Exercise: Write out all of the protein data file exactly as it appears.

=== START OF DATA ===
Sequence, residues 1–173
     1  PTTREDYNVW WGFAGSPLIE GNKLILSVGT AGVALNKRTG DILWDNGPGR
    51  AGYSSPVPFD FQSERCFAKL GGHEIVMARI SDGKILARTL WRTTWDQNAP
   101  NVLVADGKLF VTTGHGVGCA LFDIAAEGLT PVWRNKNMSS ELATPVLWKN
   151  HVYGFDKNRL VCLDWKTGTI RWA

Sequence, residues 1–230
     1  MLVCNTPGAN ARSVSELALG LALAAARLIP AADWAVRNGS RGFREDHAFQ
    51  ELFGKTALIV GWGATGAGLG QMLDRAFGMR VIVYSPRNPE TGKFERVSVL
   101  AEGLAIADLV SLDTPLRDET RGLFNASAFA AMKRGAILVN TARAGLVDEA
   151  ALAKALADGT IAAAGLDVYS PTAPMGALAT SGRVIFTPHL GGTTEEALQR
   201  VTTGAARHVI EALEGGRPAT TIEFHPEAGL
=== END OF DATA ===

Sequence, residues 1–173
     1  PTTREDYNVW WGFAGSPLIE GNKLILSVGT AGVALNKRTG DILWDNGPGR
    51  AGYSSPVPFD FQSERCFAKL GGHEIVMARI SDGKILARTL WRTTWDQNAP
   101  NVLVADGKLF VTTGHGVGCA LFDIAAEGLT PVWRNKNMSS ELATPVLWKN
   151  HVYGFDKNRL VCLDWKTGTI RWA

Sequence, residues 1–230
     1  MLVCNTPGAN ARSVSELALG LALAAARLIP AADWAVRNGS RGFREDHAFQ
    51  ELFGKTALIV GWGATGAGLG QMLDRAFGMR VIVYSPRNPE TGKFERVSVL
   101  AEGLAIADLV SLDTPLRDET RGLFNASAFA AMKRGAILVN TARAGLVDEA
   151  ALAKALADGT IAAAGLDVYS PTAPMGALAT SGRVIFTPHL GGTTEEALQR
   201  VTTGAARHVI EALEGGRPAT TIEFHPEAGL